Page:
Figure 14.

Numerical solutions obtained with the GFD method (top panel), with the FSM approach (middle panel) and differences in absolute value (bottom panel). The secondary potential is expressed in mV. The source is positioned at xs = (8.0, 5.3) m.

Figure 14.

Numerical solutions obtained with the GFD method (top panel), with the FSM approach (middle panel) and differences in absolute value (bottom panel). The secondary potential is expressed in mV. The source is positioned at xs = (8.0, 5.3) m.

Discussions

The method presented in Section 2.2 was illustrated by a series of numerical tests. The modified singularity removal technique remains simple, even in the presence of topography. It does not require the numerical computation of the singular potential (Rücker et al.2006; Blome et al.2009) and is therefore advantageous in terms of computational cost. The idea of reformulating the Neumann conditions was already formulated by Lowry et al. (1989) despite they limited their study to a flat topography case. More recently Blome et al. (2009) decomposed the total potential into three terms $$V = V_p + V_s^1 + V_s^2$$. The classical primary potential Vp equals to −I/(2πσ0r), whereas $$V_s^1$$ satisfies $$\Delta V_s^1=0$$ and $$\partial V_s^1 = -\partial V_p$$. Finally, $$V_s^2$$ is the solution of $$\nabla \cdot \sigma \nabla V_s^2 =-\nabla \cdot (\sigma -\sigma _0)\nabla (V_p+V_s^1)$$ and $$\partial _{n}V_s^2 = 0$$. It can be easily checked that $$V_s=V_s^1+V_s^2$$. The secondary field $$V_s^1$$ takes into account the topography effect and is computed numerically with the Boundary Element Method (BEM, Okabe 1981). The BEM approach certainly provides an accurate solution, but requires a fine description of the top interface as the Green's functions, containing a singularity, have to be integrated. This strongly limits the applicability of the BEM method. In practice, the Green's functions are decomposed differently for the near and far fields utilizing the fast multipole algorithm to obtain a satisfactory solution, but this largely complicates the approach (Hackbush & Nowack 1989; Blome et al.2009).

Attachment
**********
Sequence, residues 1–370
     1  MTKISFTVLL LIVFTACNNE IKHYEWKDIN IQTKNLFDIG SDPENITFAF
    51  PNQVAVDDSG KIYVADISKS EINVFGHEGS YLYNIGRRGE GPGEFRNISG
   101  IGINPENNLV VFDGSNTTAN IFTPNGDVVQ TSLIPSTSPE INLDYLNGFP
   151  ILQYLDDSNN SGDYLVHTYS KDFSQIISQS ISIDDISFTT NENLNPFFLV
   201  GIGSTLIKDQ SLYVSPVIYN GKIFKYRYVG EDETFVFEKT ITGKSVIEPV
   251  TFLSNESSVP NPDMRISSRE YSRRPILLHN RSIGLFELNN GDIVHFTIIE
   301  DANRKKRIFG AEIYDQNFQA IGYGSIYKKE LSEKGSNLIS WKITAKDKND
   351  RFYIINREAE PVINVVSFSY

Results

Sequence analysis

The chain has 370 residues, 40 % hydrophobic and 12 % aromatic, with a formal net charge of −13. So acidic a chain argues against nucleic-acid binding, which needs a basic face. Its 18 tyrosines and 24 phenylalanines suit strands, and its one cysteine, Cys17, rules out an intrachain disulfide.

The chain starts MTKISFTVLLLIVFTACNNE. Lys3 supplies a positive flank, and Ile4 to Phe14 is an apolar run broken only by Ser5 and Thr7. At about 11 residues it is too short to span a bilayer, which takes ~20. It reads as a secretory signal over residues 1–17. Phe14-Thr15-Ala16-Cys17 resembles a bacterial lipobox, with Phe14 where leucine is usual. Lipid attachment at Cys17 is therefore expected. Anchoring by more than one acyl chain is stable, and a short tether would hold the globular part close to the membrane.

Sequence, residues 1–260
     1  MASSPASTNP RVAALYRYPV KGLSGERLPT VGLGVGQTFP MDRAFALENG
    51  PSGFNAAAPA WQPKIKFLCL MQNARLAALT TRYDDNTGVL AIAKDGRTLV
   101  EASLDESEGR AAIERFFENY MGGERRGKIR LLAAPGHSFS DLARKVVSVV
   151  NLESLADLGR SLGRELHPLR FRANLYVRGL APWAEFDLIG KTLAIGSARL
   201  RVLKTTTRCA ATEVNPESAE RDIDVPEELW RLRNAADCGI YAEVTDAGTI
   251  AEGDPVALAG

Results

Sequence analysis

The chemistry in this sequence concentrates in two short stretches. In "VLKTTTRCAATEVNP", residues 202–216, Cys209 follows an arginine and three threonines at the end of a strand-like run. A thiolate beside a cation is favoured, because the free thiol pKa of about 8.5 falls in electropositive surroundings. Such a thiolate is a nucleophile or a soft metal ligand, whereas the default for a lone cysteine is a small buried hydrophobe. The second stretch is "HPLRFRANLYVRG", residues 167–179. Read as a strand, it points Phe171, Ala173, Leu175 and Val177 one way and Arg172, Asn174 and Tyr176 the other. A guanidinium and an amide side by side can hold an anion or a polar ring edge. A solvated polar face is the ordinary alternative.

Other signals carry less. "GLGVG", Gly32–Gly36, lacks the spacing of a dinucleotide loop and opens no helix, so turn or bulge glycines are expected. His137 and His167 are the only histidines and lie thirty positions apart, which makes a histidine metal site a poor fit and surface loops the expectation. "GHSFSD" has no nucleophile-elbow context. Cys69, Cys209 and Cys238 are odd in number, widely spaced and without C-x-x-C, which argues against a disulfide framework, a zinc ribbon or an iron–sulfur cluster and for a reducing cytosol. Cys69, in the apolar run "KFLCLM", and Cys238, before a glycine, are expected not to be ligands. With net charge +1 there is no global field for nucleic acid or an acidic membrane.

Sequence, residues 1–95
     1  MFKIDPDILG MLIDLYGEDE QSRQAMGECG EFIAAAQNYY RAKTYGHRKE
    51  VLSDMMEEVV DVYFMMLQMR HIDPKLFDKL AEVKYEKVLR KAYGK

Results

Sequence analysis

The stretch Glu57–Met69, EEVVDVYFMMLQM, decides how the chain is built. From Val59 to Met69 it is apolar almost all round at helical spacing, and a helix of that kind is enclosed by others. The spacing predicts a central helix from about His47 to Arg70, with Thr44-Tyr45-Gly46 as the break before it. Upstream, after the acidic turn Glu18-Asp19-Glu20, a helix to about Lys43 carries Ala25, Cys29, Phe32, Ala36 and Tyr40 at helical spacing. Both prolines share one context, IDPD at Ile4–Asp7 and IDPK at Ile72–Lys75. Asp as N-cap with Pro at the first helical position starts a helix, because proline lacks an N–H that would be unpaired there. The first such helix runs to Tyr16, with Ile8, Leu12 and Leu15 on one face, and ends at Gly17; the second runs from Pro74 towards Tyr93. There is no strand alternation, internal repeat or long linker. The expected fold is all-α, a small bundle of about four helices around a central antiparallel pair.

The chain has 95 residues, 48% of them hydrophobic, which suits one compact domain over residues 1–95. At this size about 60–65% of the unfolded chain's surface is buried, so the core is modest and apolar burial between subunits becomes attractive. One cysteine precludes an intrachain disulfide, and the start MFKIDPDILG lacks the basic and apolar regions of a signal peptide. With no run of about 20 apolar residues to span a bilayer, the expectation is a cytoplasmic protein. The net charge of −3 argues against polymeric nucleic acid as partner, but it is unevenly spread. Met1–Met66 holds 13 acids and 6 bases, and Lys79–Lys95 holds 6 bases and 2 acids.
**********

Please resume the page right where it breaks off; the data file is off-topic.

The alternative solution presented here is simpler as there is no need to define two secondary potentials and more importantly it does not require to integrate singular functions. The gradient of Vp is computed analytically, whereas in Blome et al. (2009), one needs also to estimate numerically $$\nabla V_s^1$$ for the derivation of $$V_s^2$$. In the modified approach, the boundary conditions can be imposed to be smooth if needed for a correct description of the topography. This has obvious advantages from a numerical point of view. Furthermore, the same strategy holds whatever the numerical scheme used for solving the equations. It could, for example, very well be used with a finite element approach, the key point being the implementation of given flux conditions at the free surface.

Note that the source position does not necessarily have to be defined on a mesh node: the proposed algorithm indeed requires to compute Vp and its gradient on the mesh, but these values are known analytically, whatever the source position. Then Vs is evaluated on the mesh. The flexibility with respect to the source position is an advantage, especially for finite difference schemes.

CONCLUSIONS